Posted on25 October, 2016byCIPE Staff|Comments Off on Democracy that Delivers Podcast #39: András Lőke on the State of Democracy in Hungary
Podcast guest Andras Loke
This week on the Democracy that Delivers podcast, President of Transparency International Hungary, András Lőke, discusses the state of democracy in Hungary and the hard work it takes to maintain that system over time. He also discusses the cultural differences between countries in Central Europe and how culture can influence democratic development. Lőke is also founder and editor-in-chief of www.Ittlakunk.hu, a group of websites covering 23 Budapest neighborhoods that receives 800,000 unique visitors a month. He speaks about the government’s influence on the media. Lőke also talks about how corruption undermines democracy and the “economy within the economy” that institutionalizes corruption in Hungary.
Lőke recently spoke at the conference The Illiberal Turn?: Reasserting Democratic Values in Central and Eastern Europe. The conference was co-hosted by CIPE with the Atlantic Council, the International Republican Institute, the National Democratic Institute, and Radio Free Europe/Radio Liberty. You can conference presentations and panel discussions on the Atlantic Council website.
Indeed, Egypt is going through a very difficult period. The current economic situation is intrinsically linked to the accumulated weight of poorly addressed economic challenges over the past forty years. Economic problems were either ignored, or in other instances, their root causes were not addressed in a profound and decisive manner. On the other hand, undoubtedly, Egypt has all the capabilities to become one of the largest world economies. This potential has been noted in reports of financial institutions such as the 2010 Citibank report.
The current difficulty stems from fact that there is no alternative to undertaking a comprehensive economic reform program. However, in the short run all Egyptians- the wealthy, the poor, and the middle class, will have to bear the brunt of these reforms. That said, with sound management of reform program, Egyptians will enjoy the fruits of reform in the medium to long run.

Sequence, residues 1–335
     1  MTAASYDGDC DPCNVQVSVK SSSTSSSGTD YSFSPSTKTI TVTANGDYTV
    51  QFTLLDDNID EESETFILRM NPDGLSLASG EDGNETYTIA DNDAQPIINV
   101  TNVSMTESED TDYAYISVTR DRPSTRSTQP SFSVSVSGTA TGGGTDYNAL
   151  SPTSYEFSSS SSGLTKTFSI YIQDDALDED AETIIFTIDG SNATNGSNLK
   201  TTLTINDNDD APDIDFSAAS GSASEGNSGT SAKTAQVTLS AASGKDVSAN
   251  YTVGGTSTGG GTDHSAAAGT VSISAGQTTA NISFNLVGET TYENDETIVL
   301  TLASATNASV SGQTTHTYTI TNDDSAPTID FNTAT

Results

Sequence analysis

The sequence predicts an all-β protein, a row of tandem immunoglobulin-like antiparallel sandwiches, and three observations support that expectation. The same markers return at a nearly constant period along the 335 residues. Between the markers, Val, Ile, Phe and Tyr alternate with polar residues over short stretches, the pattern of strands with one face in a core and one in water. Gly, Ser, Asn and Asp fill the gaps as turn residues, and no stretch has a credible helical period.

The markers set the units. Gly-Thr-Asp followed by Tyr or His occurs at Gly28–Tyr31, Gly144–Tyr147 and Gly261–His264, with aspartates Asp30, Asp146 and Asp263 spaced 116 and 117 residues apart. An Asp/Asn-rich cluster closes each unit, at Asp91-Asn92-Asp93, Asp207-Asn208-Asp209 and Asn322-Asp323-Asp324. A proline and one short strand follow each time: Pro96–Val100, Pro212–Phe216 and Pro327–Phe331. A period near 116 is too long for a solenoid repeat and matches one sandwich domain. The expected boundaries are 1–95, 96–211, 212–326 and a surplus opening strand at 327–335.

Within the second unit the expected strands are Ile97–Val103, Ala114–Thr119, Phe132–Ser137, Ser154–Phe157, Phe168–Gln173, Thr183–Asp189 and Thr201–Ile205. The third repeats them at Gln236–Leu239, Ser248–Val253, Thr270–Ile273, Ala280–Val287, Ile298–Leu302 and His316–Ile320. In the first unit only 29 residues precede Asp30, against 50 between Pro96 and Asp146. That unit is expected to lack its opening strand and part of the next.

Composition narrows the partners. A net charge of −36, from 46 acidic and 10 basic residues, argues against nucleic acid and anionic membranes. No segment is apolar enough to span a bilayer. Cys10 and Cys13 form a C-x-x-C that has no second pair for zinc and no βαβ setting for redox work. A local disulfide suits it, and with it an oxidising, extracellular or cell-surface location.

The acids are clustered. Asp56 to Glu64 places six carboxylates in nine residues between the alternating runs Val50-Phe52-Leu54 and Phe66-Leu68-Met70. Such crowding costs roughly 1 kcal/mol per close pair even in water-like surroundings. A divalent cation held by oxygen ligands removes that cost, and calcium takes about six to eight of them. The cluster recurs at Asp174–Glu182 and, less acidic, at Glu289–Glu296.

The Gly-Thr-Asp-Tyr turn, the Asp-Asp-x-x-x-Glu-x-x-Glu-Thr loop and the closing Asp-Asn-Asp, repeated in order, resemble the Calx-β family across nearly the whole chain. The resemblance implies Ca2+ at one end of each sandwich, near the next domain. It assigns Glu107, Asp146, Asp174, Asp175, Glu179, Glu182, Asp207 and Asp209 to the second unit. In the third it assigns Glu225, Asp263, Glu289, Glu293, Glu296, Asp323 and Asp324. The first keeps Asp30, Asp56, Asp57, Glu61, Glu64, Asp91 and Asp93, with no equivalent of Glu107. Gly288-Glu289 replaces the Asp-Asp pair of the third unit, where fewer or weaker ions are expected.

There can be no doubt that enacting economic reforms is crucial for Egypt’s progress. Thus, “No,” is my final unequivocal answer to the most critical question of whether Egypt has other alternatives to entering into the loan agreement with the International Monetary Fund (IMF).
Syrian Economic Forum students learning civic education in Syria.
The Syrian Economic Forum (SEF), an innovative think tank dedicated to strengthening the Syrian economy and promoting democratic and sustainable development is faced with an extraordinary challenge ahead. With nearly 5 million Syrian refugees and 6.6 million internally displaced persons, SEF must operate in an increasingly uncertain and volatile landscape, amidst a war that has ravaged the country and impaired both political and economic institutions. To rebuild Syrian society and empower a new generation that has suffered the consequences of war, SEF (based out of Gazientep, Turkey) has embarked on a campaign to create a new educational model focused on entrepreneurship, leadership, and civic engagement. This new model involves training and equipping youth with the knowledge and skills to be productive citizens and to re-imagine what it means to be a Syrian citizen. SEF has succeeded in becoming a leading voice for the Syrian private sector, even though managing a think tank amidst widespread conflict is a difficult task.